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Fascinating facts about the invention of the
Standing Mixer
by Herbert Johnson in 1908.

MIXER
AT A GLANCE:

In
1908 Herbert Johnson, an engineer for the Hobart Manufacturing Company, invents an electric standing mixer. His inspiration came from observing a baker mixing bread dough with a metal spoon; soon he was toying with a mechanical counterpart. By 1915, his 80-quart mixer was standard equipment for most large bakeries. In 1919 Hobart introduced the KitchenAid Food Preparer (stand mixer) for the home
THE STORY
RELATED INFO
BOOKS
VIDEOS
WEB SITES
WHERE TO FIND
QUOTATIONS
HOW IT WORKS
DID YOU KNOW?
Invention: mixer, standing in 1908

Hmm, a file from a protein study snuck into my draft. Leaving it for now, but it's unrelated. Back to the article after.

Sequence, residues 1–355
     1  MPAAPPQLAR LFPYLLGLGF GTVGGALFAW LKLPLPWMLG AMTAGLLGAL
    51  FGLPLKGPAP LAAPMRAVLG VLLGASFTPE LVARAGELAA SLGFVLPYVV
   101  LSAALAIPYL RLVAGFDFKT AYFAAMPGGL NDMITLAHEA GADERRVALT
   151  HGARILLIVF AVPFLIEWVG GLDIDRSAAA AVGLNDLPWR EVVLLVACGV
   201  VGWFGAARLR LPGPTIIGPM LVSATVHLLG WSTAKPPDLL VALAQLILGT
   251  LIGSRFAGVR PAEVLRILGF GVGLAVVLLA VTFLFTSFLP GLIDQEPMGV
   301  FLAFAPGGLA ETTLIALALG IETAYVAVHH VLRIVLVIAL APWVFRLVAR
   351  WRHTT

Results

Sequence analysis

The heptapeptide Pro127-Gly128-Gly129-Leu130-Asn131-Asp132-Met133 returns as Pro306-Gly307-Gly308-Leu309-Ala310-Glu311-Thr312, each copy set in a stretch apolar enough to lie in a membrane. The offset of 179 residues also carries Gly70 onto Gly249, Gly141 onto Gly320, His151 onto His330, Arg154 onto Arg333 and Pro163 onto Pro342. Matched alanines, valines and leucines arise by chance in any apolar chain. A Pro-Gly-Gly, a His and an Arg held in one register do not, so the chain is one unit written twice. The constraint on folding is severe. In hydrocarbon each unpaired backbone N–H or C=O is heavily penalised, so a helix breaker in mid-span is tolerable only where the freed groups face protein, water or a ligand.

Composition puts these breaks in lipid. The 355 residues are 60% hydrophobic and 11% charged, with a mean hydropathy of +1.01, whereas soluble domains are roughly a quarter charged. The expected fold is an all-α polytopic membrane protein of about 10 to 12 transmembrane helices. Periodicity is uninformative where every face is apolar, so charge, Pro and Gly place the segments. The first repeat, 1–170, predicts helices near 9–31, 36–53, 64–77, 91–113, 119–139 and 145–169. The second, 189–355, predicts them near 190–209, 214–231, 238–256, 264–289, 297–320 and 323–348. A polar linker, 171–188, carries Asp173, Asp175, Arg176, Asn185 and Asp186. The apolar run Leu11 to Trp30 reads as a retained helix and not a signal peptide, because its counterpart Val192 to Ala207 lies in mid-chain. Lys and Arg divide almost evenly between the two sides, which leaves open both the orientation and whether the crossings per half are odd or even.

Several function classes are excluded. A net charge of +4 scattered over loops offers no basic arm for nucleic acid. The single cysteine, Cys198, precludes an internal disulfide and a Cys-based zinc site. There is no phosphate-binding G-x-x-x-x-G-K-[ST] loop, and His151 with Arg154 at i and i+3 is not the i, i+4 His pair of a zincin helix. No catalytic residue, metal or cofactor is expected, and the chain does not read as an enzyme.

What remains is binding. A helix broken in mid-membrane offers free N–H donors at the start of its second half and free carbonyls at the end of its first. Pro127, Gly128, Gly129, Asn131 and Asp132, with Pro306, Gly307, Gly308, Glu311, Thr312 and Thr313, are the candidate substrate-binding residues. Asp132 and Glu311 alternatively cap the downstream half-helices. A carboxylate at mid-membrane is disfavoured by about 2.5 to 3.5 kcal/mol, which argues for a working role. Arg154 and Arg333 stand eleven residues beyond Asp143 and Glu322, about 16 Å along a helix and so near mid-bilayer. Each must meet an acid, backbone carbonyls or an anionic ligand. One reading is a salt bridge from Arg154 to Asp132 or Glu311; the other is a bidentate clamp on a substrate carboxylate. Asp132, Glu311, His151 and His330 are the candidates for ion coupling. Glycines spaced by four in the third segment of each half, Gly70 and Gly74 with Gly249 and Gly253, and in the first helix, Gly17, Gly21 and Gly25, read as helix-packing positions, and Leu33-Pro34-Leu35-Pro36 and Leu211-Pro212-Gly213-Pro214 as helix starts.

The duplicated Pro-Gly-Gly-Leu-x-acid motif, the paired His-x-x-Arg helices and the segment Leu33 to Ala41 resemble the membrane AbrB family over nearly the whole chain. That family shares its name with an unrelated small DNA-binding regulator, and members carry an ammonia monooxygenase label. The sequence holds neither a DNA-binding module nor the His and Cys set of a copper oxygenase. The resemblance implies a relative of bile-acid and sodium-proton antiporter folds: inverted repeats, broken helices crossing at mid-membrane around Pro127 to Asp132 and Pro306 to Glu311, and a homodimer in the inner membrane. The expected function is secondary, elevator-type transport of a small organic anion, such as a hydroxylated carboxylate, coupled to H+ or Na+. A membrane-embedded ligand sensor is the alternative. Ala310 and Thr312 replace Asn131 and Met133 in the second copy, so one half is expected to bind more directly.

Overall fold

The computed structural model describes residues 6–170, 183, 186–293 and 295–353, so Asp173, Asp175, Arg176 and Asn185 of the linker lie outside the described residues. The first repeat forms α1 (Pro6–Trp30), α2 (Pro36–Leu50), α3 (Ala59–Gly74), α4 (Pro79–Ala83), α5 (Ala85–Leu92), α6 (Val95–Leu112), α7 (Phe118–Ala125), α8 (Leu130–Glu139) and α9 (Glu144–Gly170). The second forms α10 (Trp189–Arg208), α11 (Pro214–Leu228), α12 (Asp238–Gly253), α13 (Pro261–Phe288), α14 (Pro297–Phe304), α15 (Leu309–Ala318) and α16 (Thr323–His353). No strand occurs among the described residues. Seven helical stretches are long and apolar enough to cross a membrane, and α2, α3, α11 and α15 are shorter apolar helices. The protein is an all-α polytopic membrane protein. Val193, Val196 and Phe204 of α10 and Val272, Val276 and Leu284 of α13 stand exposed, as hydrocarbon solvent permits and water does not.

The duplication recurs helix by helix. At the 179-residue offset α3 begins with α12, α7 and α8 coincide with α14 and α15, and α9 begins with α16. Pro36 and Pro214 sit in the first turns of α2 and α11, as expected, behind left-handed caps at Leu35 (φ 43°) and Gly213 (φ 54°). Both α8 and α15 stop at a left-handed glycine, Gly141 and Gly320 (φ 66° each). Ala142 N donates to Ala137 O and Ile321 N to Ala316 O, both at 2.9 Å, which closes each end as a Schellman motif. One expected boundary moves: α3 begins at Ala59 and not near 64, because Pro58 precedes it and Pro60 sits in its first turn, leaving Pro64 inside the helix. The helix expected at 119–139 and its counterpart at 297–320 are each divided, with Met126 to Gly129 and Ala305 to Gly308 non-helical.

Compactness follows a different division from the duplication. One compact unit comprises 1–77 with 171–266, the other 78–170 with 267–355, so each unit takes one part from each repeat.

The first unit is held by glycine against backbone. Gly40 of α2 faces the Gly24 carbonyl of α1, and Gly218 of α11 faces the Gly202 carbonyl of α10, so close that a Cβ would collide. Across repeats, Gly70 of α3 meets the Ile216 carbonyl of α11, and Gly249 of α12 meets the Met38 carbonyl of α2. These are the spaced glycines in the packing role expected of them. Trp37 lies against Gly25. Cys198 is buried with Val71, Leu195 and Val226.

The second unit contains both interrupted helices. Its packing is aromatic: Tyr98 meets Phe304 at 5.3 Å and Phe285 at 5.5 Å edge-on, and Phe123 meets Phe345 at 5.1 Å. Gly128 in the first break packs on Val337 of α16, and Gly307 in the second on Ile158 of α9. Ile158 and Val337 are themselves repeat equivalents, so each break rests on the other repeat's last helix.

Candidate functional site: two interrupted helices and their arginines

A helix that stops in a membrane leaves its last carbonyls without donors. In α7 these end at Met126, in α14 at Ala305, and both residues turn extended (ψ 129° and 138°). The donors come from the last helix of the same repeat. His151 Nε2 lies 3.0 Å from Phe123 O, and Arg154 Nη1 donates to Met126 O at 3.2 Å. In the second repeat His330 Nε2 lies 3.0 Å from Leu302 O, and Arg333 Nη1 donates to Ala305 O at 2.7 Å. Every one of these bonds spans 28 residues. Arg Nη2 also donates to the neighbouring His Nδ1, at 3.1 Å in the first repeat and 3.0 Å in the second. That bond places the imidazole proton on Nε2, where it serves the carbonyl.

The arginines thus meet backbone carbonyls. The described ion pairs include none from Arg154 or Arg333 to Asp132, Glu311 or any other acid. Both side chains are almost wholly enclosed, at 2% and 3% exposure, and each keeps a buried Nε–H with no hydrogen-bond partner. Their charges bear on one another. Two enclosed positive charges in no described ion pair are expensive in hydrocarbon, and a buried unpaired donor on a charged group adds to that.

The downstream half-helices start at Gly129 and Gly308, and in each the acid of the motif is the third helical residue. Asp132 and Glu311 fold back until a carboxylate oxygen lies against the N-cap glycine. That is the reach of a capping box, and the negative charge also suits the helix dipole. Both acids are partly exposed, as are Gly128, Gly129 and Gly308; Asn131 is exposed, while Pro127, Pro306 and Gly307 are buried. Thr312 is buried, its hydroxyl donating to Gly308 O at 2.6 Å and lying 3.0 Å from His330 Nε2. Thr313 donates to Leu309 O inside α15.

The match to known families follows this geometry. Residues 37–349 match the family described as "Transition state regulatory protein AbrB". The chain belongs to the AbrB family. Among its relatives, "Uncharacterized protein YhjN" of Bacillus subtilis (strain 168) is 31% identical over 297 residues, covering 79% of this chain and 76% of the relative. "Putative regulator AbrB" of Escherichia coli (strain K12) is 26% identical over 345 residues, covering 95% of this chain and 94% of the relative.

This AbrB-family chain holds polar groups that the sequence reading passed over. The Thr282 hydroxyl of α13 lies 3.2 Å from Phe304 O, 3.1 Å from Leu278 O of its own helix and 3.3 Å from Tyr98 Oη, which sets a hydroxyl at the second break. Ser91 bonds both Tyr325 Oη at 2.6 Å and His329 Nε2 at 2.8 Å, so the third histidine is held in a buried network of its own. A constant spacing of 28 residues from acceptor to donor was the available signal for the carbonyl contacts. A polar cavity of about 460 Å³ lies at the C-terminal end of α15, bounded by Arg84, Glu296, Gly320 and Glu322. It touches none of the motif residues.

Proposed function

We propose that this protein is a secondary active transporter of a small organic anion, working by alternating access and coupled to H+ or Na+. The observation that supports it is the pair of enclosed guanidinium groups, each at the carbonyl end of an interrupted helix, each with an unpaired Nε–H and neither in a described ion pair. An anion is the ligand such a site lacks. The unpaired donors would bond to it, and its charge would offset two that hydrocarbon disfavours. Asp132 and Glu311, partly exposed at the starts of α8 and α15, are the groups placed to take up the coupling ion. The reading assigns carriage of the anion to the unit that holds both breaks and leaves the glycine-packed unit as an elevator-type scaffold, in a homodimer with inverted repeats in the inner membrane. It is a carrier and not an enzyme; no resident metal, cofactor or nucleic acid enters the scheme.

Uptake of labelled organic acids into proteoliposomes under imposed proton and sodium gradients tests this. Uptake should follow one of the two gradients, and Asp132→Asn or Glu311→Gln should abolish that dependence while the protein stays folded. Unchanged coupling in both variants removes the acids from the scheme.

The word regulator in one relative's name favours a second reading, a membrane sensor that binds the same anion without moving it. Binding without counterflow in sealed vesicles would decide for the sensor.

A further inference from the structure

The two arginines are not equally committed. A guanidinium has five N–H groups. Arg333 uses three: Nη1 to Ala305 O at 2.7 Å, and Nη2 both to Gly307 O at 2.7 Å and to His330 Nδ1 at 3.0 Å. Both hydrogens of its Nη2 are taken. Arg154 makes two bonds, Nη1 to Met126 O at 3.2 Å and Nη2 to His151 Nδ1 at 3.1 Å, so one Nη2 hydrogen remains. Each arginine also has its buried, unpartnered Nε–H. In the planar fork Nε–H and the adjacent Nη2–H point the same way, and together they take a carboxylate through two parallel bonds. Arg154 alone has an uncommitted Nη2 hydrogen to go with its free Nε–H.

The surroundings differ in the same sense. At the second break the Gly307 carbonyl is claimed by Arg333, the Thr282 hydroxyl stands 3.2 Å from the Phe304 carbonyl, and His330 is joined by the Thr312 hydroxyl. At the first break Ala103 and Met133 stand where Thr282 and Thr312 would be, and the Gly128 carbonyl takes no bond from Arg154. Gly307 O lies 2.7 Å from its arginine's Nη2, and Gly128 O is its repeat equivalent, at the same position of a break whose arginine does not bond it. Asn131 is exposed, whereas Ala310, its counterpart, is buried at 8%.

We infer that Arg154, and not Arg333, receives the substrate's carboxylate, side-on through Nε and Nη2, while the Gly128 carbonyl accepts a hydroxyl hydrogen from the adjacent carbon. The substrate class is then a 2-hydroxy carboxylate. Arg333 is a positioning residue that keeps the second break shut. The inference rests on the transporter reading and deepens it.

Standing mixer image courtesy www.kitchenaid.com
Definition: noun / mix·er
Function: A mixer is a kitchen appliance intended for mixing, folding, beating, and whipping food ingredients. Mixers come in two major variations, hand mixers and stand mixers.
Inventor: Herbert Johnson  
Criteria: First practical. Entrepreneur.
Milestones:
1908 Herbert Johnson, an engineer, invents a standing mixer for mixing bread dough
1915 Hobart Mfg. Co, of Troy, Ohio begins selling 80 quart mixers to professional bakers
1919 Hobart, now called KitchenAid sells a "food preparer" (stand mixer) for the home
1930 Sunbeam MixMaster introduced selling at a fraction of the KitchenAid's price
1936 designer Egmont Ahrens trimmed the KitchenAid mixer down to a more convenient weight
1952 Sunbeam put out its first hand-held MixMaster
1954 you can now buy a KitchenAid mixer in a color other than white
mixer, electric mixer, mixmaster, standing mixer, hand held mixer, herbert johnson, hobart manufacturing company, sunbeam,  invention, history, inventor of, history of, who invented, invention of, fascinating facts.
The Story: